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The Witches


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Product Details

  • Actors: Clint Eastwood, Annie Girardot, Alberto Sordi, Silvana Mangano
  • Directors: Mario Bolognini, Pier Paolo Pasolini, Franco Rossi, Vittorio De Sica, Luchino Visconti
  • Producers: Dino De Laurentiis
  • Format: NTSC
  • Language: Italian
  • Subtitles: English
  • Region: All Regions
  • Aspect Ratio: 1.78:1
  • Number of discs: 1
  • Rated: NR (Not Rated)
  • Studio: MGM
  • DVD Release Date: February 25, 2011
  • Run Time: 100 minutes
  • Average Customer Review: 3.2 out of 5 stars  See all reviews (15 customer reviews)
  • ASIN: B004MYFVQ8
  • Amazon Best Sellers Rank: #34,851 in Movies & TV (See Top 100 in Movies & TV)

Special Features

None.

Editorial Reviews

A film of five separate comedy to drama segments--directed by Visconti, Bolognini, Pasolini, Franco Rossi and de Sica. The international cast includes Clint Eastwood, Annie Girardot and Alberto Sordi, and features Silvana Mangano. Important Note: This film has been manufactured from the best-quality video master currently available and has not been remastered or restored specifically for this DVD release. 16 x 9. Important Note: This film has been manufactured from the best-quality video master currently available and has not been remastered or restored specifically for this DVD release.

Feature is in Italian with English optional subtitles. Includes Special Feature-Option to view original Italian version or English version of the Clint Eastwood segment "An Evening Like All Others/ Una Sera Come Le Altre"

This product is manufactured on demand using DVD-R recordable media. Amazon.com's standard return policy will apply.

This product is expected to play back in DVD Video "play only" devices, and may not play in other DVD devices, including recorders and PC drives.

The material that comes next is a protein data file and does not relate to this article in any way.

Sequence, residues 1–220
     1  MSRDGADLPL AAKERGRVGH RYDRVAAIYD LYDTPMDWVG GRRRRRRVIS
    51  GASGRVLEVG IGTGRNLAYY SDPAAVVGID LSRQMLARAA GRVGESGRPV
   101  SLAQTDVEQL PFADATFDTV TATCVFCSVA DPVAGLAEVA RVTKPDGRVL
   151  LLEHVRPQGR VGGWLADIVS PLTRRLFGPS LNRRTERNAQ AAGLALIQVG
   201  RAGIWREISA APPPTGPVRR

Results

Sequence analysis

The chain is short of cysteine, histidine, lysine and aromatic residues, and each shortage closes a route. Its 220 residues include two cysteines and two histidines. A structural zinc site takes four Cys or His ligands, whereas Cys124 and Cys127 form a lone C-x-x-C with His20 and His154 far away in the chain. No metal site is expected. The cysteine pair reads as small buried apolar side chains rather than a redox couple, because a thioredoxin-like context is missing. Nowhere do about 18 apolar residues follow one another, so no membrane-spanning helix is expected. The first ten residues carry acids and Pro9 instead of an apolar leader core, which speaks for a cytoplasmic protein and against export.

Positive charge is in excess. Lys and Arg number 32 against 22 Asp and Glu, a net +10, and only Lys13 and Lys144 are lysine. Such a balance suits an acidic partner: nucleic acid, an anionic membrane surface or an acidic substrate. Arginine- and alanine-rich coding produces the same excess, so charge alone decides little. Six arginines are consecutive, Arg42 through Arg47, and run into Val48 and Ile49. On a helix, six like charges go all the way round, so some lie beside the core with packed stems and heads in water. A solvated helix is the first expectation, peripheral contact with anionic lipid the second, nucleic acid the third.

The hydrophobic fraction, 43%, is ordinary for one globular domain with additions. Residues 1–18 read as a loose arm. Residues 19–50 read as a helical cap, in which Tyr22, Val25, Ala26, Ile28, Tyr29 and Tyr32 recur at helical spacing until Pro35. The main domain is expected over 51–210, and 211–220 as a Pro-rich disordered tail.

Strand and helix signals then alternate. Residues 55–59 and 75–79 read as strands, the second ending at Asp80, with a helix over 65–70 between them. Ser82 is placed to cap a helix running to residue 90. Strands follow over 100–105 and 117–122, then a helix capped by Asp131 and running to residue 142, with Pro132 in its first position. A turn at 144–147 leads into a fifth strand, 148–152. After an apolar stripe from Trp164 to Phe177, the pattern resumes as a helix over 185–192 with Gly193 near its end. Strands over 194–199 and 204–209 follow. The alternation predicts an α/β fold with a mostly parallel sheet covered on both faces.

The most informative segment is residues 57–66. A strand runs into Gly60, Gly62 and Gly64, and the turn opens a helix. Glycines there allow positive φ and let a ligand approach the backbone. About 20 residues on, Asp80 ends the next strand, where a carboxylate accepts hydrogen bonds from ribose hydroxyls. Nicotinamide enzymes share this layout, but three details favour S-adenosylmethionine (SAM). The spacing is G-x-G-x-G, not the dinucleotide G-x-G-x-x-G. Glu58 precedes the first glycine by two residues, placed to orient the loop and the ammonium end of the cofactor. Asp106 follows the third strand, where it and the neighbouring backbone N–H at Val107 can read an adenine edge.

Customer Reviews

Turned it off after 5 minutes.
DONNA L O'NEAL
What makes this poor are the single or double idea stories without a sense of finish and completeness except maybe at the most childish intellectual level.
Jack Bert
The first one, by Luchino Visconti, is visually sumptuous and elegant, but very slow.
S. Kelly

Most Helpful Customer Reviews

24 of 26 people found the following review helpful By S. Kelly on February 14, 2011
Format: DVD Verified Purchase
This is the 1966 Italian film, "La Streghe". It has been incredibly hard to find for many, many years.

I obtained an unofficial VHS of it years ago, and this is its first official American release of it, any home video format, that I'm aware of.

It is one of those 60s omnibus films with five short stories from five different directors. As usual, some are better than others. The only connecting thread between the stories is actress Silvana Mangano, who is in all of them. The first one, by Luchino Visconti, is visually sumptuous and elegant, but very slow. The segment by Pier Paolo Pasolini is very funny and entertaining if oe is a fan of Pasolini. In addition to Mangano, it features Toto and Ninetto Davoli, and is similar in style to Pasolini's earlier "Hawks and Sparrows". One of the segments, where Mangano receives a very quick ride in a car, is very short and seemed absolutely pointless. The film's final segment is far and away the best, and makes it all worthwhile. The Vittori de Sica segment starring Mangano and Clint Eastwood, fresh off of his Italian 'Dollars' trilogy for Leone, is a portrait of an unhappy housewife and her oblivious, self-absorbed husband. The lavish daydream sequences are dazzling and funny, and even feature a couple of gentle jabs at Eastwood's own cowboy image of the time. Overall it is uneven, but quite entertaining.

I'm happy to see it finally available.
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6 of 6 people found the following review helpful By Trevor Willsmer TOP 1000 REVIEWERVINE VOICE on December 10, 2012